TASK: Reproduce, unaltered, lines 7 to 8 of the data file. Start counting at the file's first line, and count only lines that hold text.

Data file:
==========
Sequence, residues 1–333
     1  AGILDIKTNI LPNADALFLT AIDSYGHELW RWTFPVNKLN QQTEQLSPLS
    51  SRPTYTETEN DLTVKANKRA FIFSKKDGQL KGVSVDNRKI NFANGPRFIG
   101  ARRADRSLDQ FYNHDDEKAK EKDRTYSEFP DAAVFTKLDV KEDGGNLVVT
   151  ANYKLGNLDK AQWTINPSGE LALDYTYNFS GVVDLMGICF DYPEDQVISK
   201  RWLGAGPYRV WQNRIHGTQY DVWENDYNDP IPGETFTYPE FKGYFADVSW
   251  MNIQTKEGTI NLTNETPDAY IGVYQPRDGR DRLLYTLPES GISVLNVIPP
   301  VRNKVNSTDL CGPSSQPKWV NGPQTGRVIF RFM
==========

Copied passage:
   251  MNIQTKEGTI NLTNETPDAY IGVYQPRDGR DRLLYTLPES GISVLNVIPP
   301  VRNKVNSTDL CGPSSQPKWV NGPQTGRVIF RFM